It is assumed that maximum safety and outcomes achievable in the procedure-related specialties correlates with the degree of procedural mastery possessed by the clinicians. Procedural mastery is a combination of technical mastery and expert judgment, and methods to improve the performance of experienced clinicians toward the goal of procedural mastery may benefit from simulated scenarios which support the acquisition and maintenance of both technical skills and judgmental skills. The development, evaluation and validation of simulation applications which support judgmental skill acquisition have largely been unexplored.
The importance of simulation-based training and the role of simulation in the enhancement of clinical safety and outcomes have been recognized increasingly over the past few years. There are now 96 accredited advanced education centers which provide access to simulation models and methods, and this follows the ubiquitous development of simulation centers and laboratories at virtually all teaching hospitals in this country.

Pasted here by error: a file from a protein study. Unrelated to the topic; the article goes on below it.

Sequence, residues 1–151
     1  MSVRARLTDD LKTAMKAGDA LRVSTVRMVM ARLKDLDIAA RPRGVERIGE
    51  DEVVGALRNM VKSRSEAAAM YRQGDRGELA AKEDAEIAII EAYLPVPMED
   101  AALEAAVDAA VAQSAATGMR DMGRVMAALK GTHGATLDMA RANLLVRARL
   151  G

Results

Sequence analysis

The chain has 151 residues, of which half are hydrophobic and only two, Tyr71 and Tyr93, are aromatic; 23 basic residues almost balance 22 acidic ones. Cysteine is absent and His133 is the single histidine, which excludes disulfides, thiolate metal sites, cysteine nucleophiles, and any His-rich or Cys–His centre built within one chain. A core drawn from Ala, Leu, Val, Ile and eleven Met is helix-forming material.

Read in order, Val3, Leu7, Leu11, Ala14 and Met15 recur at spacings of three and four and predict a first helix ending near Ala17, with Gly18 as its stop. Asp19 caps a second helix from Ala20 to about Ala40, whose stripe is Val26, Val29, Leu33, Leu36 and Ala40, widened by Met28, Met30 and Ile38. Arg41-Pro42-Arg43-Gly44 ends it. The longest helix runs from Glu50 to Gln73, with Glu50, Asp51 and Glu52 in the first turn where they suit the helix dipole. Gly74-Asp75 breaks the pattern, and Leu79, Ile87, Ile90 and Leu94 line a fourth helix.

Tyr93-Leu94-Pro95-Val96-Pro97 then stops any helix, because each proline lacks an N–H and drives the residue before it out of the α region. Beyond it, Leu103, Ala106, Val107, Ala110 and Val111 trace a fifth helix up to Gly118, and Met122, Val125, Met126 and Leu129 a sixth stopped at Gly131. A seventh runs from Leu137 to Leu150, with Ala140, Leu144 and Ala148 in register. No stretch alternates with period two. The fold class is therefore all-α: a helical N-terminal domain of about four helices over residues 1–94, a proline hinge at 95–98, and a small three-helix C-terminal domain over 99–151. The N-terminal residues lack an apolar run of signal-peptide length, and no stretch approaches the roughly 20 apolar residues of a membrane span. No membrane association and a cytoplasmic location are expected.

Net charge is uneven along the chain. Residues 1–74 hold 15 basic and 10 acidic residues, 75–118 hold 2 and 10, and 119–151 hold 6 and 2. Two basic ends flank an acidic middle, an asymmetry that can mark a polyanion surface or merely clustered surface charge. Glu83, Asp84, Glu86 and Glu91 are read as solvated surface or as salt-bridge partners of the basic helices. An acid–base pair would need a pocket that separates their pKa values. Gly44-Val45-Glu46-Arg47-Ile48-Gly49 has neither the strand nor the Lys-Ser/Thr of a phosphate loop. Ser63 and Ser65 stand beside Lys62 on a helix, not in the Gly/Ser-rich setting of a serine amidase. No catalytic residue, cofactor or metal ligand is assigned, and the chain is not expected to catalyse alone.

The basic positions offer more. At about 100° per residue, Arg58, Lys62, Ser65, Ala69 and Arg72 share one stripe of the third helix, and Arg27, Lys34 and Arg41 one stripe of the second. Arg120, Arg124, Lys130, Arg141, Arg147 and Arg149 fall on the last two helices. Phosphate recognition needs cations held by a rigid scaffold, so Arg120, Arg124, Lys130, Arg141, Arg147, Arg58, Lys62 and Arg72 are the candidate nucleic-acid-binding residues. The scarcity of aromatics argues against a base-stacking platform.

With the awareness that medical error contributes significantly to the morbidity, mortality and costs of healthcare, and the demonstration that some practicing clinicians demonstrate below-average levels of clinical skills, there is increased interest to explore simulation-based training as a means of improving the quality of healthcare.
The purpose of the Funding Opportunity Announcement (FOA) is to develop, evaluate and validate methods by which simulation technologies can be used by practicing clinicians for the purpose of acquiring, maintaining, and improving skills which are critical for optimal safety, outcomes and benefits of care delivered to patients.
The three focus areas of this FOA are: